On appeal from a judgment of the Superior Court, Appellate Division, whose opinion is as follows.
For affirmance -- Chief Justice Vanderbilt, and Justices Heher, Oliphant, Jacobs and Brennan. For reversal -- None.
"On October 16, 1941, the defendant, James I. Hardman, was tried before judge and jury in the Essex County Court of Quarter Sessions and convicted of the crime of robbery. On December 3, 1941, he was sentenced to State Prison for a minimum term of 14 years and a maximum term of 15 years.
"In 1943 the trial judge, pursuant to the defendant's request, assigned counsel to represent him on his application for a writ of habeas corpus. The application was made on the ground that his sentence was illegal because he was not sentenced within 45 days after his conviction, as directed by the then statute applicable; namely, R.S. 2:192-1, as amended L. 1938, c. 273, § 2. Supreme Court Justice Porter decided that the 45-day provision of this statute was directory and not mandatory and that the sentence was legal. In re Hardman, 131 N.J.L. 257 (Sup. Ct. 1944).
"In 1945 the defendant made an application for a writ of habeas corpus to Supreme Court Justice Parker, and it was denied. In re Hardman, 24 N.J. Misc. 260 (Sup. Ct. 1945).
"On June 25, 1951 the present proceeding, a motion by the defendant for a new trial, was brought before a judge of the Essex County Court. At the hearing on the motion the defendant was represented by counsel, testified in his own behalf, and indicated that he had no other witnesses available. The motion for a new trial was denied. The defendant on this appeal alleges 11 grounds of error.
"Grounds 1, 4, 5, 6, 7, and 8 were treated at length in the opinion filed in this proceeding by the trial judge, and all were determined adversely to the defendant. We concur in these determinations.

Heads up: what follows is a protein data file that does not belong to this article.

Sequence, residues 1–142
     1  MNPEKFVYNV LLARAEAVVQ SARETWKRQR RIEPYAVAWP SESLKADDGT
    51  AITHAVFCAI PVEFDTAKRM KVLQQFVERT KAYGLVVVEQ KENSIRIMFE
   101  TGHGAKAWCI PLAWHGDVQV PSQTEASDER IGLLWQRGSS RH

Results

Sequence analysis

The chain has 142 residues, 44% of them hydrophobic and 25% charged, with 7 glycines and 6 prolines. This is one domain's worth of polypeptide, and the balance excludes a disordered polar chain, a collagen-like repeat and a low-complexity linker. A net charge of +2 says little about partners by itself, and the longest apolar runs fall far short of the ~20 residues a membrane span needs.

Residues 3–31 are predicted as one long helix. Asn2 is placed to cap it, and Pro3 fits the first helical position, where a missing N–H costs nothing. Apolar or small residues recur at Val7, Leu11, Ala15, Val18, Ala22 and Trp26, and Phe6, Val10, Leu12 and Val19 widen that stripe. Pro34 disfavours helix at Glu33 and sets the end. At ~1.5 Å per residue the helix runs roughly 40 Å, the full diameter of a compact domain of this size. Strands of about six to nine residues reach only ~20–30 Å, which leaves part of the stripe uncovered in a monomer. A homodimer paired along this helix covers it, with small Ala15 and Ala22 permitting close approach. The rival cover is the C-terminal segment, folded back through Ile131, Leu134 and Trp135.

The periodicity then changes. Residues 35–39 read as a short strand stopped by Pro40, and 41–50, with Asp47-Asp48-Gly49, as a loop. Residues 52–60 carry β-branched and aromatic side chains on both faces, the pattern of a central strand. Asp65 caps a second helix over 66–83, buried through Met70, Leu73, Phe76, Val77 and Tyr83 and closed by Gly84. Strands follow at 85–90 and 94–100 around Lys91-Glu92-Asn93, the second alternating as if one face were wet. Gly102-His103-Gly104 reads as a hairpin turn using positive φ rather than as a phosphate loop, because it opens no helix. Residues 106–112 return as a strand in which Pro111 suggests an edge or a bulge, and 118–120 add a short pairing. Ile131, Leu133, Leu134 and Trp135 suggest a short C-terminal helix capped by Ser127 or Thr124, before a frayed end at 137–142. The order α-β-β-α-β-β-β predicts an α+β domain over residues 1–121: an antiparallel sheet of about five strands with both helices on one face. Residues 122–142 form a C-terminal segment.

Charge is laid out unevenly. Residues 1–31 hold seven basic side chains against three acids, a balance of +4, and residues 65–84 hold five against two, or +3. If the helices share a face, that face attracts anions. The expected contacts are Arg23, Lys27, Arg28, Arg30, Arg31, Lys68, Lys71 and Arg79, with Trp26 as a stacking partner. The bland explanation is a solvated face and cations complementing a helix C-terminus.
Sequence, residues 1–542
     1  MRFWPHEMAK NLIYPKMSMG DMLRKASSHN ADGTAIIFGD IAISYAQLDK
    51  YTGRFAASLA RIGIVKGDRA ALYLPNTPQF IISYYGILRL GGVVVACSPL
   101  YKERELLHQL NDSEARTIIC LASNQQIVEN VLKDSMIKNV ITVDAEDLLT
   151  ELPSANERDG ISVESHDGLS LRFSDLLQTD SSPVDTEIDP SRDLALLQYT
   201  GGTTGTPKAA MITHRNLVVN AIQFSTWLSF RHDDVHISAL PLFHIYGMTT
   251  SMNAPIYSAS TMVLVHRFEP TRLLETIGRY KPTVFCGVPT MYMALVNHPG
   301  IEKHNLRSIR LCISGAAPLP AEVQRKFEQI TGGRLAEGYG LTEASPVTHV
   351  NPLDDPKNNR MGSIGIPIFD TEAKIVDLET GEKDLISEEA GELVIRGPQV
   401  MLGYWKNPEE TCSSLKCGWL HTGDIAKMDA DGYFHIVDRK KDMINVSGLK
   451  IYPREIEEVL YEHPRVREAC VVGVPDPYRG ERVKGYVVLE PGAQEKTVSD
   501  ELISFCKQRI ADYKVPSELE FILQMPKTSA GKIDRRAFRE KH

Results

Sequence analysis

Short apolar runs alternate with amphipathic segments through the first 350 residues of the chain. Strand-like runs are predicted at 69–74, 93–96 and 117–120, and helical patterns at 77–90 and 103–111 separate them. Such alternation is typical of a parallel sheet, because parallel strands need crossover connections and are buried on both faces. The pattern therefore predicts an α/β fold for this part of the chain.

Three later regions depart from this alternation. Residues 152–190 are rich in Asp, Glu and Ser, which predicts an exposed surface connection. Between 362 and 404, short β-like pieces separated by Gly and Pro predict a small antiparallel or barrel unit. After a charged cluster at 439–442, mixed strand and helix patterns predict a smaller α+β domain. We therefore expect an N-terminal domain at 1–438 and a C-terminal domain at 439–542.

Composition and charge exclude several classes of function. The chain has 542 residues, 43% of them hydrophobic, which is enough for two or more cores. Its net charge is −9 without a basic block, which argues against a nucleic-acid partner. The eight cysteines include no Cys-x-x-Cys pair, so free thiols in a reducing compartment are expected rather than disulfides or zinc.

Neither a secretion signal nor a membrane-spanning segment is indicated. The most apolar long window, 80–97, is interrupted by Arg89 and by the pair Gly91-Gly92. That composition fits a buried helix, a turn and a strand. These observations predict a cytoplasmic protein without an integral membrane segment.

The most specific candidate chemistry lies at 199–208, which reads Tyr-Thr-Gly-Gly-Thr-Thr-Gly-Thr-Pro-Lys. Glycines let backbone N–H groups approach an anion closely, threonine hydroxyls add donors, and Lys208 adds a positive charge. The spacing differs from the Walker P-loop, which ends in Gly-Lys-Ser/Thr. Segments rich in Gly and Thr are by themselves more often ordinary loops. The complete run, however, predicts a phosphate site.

"Ground 2 is that 'The trial court erred in not presenting appellant with bill of particulars, copy of indictment, etc.' There is nothing in the record to show any proper demand for either a bill of particulars or a copy of the indictment. In addition, there is no showing that the defendant was in any way prejudiced by lack of either or both.
"Ground 3 is that 'The trial court erred in trying appellant for armed robbery, when indictment stated that robbery was committed by felonious means, no weapon was mentioned in the indictment.' The record shows that the indictment, trial, conviction and sentence were all for robbery.
"Ground 9 is that 'The trial court erred in not sentencing appellant by due process of law. Sentencing appellant after the statutory period had expired where appellant had in no way interfered with imposition of sentence, was assuming powers not vested in Court by statute of New Jersey.' This ground was not raised in the proceeding below; in fact, it could not be raised because of the nature of the proceeding. On appeal, our review extends only to questions raised in the proceeding below. Further, In re Hardman, 131 N.J.L. 257 (Sup. Ct. 1944) disposed of this ground.
"Ground 10 is that 'The trial court erred in having a State witness testify under a fictitious name, Miss Marion Parker's right name is Marion Wilson.' There is no support in the record for the alleged fact, and even if true no possible prejudice to this defendant is suggested.
"Ground 11 is that 'Both State witnesses gave conflicting testimony.' Neither the ground as stated nor the argument advanced under it suggests any error which would support reversal or the ...